5. Invest in security systems and software updates: Cyberattack prevention can save companies thousands — perhaps millions — of dollars. Making sure your organization has security software in place is a prime defense against cyberthreats, as is installing software updates as soon as they’re available. Automation is also your friend. Antivirus software, for example, can be set to scan after each update.
    6. Employ third-party controls: In the digital age, organizations are connected to a growing ecosystem of third parties, including external partners, suppliers and customers. Protecting any organization means putting in place cybersecurity controls for third parties that may have access to sensitive or protected information, networks or facilities, or that provide a critical service to the company. Best practices include limiting third-party access via the “least privilege” approach (see No. 11), as well as performing due diligence around and monitoring the third party’s own cybersecurity controls. After all, a compromise at any one of those points places the entire supply chain at risk.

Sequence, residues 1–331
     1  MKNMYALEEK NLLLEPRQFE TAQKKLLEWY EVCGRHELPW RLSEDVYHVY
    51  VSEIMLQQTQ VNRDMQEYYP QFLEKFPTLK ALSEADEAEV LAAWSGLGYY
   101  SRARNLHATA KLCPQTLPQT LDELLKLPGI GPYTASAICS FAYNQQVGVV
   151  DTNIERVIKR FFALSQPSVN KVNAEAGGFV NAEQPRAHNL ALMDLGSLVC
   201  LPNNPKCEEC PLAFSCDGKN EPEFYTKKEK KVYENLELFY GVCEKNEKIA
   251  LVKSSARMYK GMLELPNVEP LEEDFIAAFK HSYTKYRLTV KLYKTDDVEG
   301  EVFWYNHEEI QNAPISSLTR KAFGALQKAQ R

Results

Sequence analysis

7. Consider biometric security: Biometric verification — authenticating a user’s identity using a fingerprint, iris scan or facial analysis — is becoming more prevalent. The biometric approach comes with advantages (easy to use, hard to mimic) and disadvantages (costly, sometimes prone to errors), so it’s important to understand those fully before proceeding.
    8. Create a hierarchical cybersecurity policy: Having an overarching, written and well-communicated cybersecurity policy is non-negotiable for cyber-savvy organizations. But it’s also important to recognize that one size does not fit all. Different departments and units may have varying cybersecurity risk and management needs. A hierarchical, or tiered, approach allows for the creation of an organizational policy as well as more specific, customized (but still aligned) policies for various departments or functions as needed.